Act IV, Scene 3 Berowne Now step I forth to whip hypocrisy. Ah, good my liege, I pray thee, pardon me. Good heart, what grace hast thou thus to reprove These worms for loving, that art most in love? Your eyes do make no coaches; in your tears There is no certain princess that appears; You'll not be perjured, 'tis a hateful thing; Tush, none but minstrels like of sonneting! But are you not ashamed? Nay, are you not, All three of you, to be thus much o'ershot? You found his mote; the King your mote did see; But I a beam do find in each of three. O, what a scene of foolery have I seen,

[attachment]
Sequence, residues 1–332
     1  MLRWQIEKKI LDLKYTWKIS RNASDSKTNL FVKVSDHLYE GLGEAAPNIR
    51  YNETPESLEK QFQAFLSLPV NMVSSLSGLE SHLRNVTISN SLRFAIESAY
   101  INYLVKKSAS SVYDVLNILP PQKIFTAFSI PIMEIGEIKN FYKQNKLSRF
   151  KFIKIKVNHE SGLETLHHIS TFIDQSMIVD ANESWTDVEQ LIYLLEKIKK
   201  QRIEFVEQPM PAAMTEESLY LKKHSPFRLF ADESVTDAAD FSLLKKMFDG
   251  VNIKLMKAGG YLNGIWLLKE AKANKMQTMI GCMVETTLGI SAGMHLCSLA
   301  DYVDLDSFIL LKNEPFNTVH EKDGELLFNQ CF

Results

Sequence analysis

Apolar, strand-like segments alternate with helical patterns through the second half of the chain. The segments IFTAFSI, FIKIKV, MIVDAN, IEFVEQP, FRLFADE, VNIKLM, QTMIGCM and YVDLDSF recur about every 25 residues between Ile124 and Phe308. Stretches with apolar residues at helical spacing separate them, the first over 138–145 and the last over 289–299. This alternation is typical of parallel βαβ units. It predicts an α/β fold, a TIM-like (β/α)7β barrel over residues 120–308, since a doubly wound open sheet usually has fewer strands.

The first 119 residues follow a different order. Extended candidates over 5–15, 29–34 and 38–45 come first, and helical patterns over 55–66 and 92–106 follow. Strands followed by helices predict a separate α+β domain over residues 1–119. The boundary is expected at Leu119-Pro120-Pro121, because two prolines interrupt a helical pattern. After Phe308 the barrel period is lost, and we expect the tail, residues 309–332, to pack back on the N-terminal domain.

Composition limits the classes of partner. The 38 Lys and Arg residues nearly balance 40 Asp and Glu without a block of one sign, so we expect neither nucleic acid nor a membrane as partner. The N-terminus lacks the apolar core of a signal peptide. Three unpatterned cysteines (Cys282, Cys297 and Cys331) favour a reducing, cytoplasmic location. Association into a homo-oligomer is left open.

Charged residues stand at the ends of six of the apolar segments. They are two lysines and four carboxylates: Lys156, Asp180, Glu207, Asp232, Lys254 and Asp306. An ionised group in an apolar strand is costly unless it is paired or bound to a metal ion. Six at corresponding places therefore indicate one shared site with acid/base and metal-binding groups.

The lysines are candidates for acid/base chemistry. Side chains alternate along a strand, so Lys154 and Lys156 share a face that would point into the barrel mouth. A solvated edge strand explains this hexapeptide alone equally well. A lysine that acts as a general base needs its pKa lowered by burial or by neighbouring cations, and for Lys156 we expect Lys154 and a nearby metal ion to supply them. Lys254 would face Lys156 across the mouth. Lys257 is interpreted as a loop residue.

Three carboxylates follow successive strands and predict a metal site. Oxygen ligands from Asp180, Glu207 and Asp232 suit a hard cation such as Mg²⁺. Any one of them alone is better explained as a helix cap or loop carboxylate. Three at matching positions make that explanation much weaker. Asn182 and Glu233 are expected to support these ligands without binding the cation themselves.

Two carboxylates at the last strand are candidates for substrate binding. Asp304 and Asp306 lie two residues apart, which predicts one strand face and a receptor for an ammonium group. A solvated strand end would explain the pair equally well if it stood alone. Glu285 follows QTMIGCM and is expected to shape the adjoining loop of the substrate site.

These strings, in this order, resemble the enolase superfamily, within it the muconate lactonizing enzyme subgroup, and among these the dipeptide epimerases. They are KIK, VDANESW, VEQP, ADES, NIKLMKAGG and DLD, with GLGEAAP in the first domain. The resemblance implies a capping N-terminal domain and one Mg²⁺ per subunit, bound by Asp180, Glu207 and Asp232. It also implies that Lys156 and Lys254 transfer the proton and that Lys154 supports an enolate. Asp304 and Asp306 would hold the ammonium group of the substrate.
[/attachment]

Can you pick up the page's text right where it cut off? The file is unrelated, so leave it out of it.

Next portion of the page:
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Of sighs, of groans, of sorrow and of teen! O me, with what strict patience have I sat, To see a king transformed to a gnat! To see great Hercules whipping a gig, And profound Solomon to tune a jig, And Nestor play at push-pin with the boys, And critic Timon laugh at idle toys. Where lies thy grief? O, tell me, good Dumaine. And gentle Longaville, where lies thy pain? And where my liege's? All about the breast? A caudle, ho!